June 14, 2015
June 14, 2015
June 17, 2015
Engineering Leadership Development Division
26.633.1 - 26.633.20
“Engineering Leadership Education – The Path Forward” A.M. Erdman, D. H. Horner, J.V. Matson, R.J. Schuhmann Abstract for the 2015 ASEE Annual Meeting Leadership Division 10/8/14The Engineering Leadership Development Program at The Pennsylvania State University was one of thepioneering university-level leadership development programs in the world. Founded in 1995 as aninitiative of the Leonhard Center for the Enhancement of Engineering Education, the program hasgraduated over 800 students with an 18 credit-hour minor in Engineering Leadership Development.A study done by Purdue University (Allert, et.al. ,2007) suggested that today’s engineering leader mustbe well-versed in three dimensions, namely technical, professional, and global skills. While the initialfocus of the Penn State program was to address professional skill development, over the past 10 years,global competency skill development has been incorporated as well (Schuhmann, 2010; Gordon, et.al.2014). An international study performed by MIT (Ruth, 2009) noted that the program was one of fourcase studies of good practice to teach Engineering Leadership, particularly with a focus on creating thebroad, global engineering skill base needed in today’s engineering leaders. Further studies found thatincorporation of professional skill training actually enhanced technical performance in students.Anecdotally, we have found that the incorporation of global competency skills further energizesstudents, resulting in increased performance in both the technical and professional dimensions ofleadership.As the program approaches its 20th anniversary, retrospection, insight, and application of lessonslearned to formulating the future are appropriate. The past and current directors of the program havegathered together to create a joint perspective. This perspective is strongly influenced by extensivereviews of current student learning through pre/post course surveys (Hochstedt, et.al. 2013) and asurvey of graduates that assessed both the career impact of the program as well as views of thestrengths and areas where the program could be improved. Further, an Advisory Board, representingkey industrial partners, was tasked with reviewing new initiatives to assure that these were consistentwith the current needs of those who hire our graduates.This paper provides both a qualitative and quantitative review of the past performance and impact ofthis program on current students, graduates, and the companies who hire our graduates. The lessonslearned are used to both suggest future enhancements of this program, as well as to help guide thedevelopment of nascent or enhancement of existing programs at other universities.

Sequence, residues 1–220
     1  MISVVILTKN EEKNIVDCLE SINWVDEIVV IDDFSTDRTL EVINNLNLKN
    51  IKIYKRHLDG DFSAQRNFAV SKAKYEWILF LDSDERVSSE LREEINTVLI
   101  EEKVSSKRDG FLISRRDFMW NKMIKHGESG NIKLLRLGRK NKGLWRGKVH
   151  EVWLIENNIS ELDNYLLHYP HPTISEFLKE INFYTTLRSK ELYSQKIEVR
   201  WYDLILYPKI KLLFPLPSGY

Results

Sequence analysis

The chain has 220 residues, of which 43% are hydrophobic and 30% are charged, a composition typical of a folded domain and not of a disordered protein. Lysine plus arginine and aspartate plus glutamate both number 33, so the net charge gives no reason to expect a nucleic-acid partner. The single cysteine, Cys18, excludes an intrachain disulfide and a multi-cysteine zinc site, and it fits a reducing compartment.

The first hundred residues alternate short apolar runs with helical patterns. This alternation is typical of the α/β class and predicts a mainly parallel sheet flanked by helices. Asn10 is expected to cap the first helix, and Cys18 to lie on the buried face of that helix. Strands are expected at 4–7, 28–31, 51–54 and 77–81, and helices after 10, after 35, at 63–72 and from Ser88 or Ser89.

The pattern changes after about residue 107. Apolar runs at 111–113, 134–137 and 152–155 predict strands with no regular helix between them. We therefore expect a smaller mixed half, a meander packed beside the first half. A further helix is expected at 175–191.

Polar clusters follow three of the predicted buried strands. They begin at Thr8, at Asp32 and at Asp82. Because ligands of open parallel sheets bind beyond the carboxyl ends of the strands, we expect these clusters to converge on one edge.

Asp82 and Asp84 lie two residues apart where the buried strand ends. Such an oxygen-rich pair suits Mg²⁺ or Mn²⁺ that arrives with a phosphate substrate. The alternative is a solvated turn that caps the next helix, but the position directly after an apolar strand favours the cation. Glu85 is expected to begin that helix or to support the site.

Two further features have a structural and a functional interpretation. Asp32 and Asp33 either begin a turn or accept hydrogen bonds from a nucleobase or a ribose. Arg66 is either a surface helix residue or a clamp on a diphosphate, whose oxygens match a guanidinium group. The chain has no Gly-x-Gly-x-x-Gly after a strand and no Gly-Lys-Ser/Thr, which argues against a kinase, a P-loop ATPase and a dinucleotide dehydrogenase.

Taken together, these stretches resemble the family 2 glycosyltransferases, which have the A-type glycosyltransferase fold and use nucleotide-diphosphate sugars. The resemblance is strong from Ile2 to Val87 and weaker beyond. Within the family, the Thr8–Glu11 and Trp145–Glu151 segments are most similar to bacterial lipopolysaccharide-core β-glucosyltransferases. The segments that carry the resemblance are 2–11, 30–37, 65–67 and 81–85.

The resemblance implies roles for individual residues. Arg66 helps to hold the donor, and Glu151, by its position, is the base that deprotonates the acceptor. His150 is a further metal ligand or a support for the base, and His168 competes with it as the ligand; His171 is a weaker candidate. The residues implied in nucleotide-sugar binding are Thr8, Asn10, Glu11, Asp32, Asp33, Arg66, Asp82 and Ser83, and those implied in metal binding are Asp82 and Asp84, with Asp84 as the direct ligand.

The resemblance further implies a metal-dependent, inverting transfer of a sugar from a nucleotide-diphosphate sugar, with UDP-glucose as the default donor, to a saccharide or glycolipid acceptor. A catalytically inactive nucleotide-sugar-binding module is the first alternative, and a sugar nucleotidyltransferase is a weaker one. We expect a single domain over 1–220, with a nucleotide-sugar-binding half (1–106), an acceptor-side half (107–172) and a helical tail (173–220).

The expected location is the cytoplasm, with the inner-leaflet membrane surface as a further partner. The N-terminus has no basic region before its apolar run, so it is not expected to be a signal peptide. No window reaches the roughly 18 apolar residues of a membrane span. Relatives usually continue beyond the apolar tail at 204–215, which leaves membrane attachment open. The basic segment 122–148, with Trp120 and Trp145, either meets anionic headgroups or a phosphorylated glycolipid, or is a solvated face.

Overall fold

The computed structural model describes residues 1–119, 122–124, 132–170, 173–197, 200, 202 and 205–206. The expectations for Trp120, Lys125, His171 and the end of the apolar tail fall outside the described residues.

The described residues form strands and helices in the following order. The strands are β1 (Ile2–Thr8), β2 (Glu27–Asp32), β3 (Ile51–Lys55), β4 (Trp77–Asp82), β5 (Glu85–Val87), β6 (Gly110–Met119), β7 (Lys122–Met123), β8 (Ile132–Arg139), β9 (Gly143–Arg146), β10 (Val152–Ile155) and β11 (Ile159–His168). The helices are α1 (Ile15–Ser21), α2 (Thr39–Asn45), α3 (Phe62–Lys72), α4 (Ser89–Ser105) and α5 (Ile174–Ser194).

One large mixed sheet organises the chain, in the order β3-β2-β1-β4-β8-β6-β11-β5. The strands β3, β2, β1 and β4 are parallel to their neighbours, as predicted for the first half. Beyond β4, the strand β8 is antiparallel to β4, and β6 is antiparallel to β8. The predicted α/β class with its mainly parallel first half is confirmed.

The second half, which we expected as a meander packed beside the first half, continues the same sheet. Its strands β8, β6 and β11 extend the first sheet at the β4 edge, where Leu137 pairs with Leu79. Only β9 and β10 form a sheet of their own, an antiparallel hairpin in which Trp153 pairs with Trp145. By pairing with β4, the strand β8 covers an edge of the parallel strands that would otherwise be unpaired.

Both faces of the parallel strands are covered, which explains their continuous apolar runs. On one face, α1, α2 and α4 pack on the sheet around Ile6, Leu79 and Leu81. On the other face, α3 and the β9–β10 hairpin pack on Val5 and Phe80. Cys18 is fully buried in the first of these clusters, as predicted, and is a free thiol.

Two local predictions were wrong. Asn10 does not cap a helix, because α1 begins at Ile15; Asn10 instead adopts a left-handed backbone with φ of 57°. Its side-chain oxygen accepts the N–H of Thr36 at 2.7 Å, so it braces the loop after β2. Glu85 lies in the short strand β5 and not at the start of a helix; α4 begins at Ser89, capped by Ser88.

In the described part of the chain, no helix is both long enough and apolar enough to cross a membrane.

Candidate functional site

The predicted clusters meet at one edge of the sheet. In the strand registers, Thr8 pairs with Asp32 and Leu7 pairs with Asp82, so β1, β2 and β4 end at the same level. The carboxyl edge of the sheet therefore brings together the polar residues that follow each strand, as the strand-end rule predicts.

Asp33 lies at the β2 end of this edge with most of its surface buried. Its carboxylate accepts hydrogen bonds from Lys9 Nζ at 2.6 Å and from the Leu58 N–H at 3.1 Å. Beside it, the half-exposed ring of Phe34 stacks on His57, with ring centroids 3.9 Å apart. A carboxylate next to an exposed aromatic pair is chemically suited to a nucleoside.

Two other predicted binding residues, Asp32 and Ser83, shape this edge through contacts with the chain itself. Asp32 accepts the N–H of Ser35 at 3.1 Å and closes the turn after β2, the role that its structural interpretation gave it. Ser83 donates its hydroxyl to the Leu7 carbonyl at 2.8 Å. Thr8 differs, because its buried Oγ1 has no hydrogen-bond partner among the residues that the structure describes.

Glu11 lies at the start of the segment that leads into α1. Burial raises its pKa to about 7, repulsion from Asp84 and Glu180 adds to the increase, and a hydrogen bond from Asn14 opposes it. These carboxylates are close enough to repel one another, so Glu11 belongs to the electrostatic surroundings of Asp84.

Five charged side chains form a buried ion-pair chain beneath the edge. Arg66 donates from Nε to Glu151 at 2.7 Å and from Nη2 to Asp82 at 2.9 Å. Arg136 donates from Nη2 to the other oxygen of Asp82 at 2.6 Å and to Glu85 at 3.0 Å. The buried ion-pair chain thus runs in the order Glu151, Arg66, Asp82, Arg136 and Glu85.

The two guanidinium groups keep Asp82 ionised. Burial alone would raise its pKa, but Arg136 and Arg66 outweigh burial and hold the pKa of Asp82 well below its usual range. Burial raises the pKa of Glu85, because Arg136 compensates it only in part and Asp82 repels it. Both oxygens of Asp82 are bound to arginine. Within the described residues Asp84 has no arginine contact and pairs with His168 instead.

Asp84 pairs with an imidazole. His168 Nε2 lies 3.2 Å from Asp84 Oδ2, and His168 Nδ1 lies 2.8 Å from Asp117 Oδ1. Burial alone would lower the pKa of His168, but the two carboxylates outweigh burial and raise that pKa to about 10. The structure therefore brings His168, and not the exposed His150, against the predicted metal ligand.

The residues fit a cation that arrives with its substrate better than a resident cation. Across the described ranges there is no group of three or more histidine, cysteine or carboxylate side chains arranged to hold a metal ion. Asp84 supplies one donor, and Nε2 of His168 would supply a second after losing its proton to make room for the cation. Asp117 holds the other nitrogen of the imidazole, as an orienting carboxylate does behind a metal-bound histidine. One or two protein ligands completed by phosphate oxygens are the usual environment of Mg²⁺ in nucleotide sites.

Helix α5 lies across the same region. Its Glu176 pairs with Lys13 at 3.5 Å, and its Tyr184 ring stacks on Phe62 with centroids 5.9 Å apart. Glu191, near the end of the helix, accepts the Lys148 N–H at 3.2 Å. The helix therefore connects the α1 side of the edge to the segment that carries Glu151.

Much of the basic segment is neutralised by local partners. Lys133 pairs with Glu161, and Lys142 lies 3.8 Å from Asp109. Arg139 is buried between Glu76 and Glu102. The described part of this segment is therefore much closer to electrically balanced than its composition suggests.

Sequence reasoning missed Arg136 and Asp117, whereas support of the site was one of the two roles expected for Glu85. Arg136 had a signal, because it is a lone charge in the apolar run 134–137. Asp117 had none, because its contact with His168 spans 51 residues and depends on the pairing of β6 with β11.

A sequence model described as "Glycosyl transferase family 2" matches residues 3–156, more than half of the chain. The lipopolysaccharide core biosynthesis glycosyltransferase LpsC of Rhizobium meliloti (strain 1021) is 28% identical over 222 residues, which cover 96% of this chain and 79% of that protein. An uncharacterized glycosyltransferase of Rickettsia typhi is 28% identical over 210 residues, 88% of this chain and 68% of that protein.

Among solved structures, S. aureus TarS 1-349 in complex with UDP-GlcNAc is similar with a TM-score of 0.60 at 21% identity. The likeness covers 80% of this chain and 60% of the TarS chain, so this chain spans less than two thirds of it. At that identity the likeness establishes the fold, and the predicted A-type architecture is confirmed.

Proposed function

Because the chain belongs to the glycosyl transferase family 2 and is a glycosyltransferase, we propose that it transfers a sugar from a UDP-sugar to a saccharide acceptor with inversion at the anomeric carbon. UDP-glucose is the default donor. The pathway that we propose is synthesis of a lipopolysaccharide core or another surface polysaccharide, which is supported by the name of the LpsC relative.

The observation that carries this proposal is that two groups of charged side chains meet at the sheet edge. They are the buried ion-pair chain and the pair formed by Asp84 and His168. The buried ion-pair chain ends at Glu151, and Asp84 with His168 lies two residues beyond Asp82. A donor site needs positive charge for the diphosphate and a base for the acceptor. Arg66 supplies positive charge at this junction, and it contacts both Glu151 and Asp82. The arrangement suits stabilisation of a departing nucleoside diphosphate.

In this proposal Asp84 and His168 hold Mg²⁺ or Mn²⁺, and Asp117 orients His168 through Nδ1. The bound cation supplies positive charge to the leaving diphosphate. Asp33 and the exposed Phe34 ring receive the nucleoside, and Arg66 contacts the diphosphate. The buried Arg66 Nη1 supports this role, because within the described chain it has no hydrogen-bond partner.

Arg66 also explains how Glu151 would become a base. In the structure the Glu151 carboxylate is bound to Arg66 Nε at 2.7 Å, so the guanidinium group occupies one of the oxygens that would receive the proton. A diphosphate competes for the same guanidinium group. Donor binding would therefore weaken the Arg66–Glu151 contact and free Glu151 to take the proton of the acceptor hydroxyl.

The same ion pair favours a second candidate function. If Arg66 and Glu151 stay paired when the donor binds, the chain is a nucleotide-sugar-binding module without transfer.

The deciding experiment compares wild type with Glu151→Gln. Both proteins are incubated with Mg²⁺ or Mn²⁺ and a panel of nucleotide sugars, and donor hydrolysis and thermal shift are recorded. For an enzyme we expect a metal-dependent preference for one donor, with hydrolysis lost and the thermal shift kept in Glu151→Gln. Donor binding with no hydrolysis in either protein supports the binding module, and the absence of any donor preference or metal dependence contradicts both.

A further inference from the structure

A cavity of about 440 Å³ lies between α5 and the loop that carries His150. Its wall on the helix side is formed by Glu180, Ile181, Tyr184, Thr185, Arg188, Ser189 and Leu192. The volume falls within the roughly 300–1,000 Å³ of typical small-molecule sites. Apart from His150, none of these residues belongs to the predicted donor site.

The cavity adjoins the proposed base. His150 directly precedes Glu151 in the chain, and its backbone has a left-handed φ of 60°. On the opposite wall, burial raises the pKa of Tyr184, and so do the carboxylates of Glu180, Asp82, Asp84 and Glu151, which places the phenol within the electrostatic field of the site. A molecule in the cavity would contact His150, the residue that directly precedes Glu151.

Schuhmann, R. J., & Erdman, A. M., & Matson, J. V., & Lang, D. H., & Soper, J. G., & Horner, D. H. (2015, June), Engineering Leadership Education - The Path Forward Paper presented at 2015 ASEE Annual Conference & Exposition, Seattle, Washington. 10.18260/p.23971
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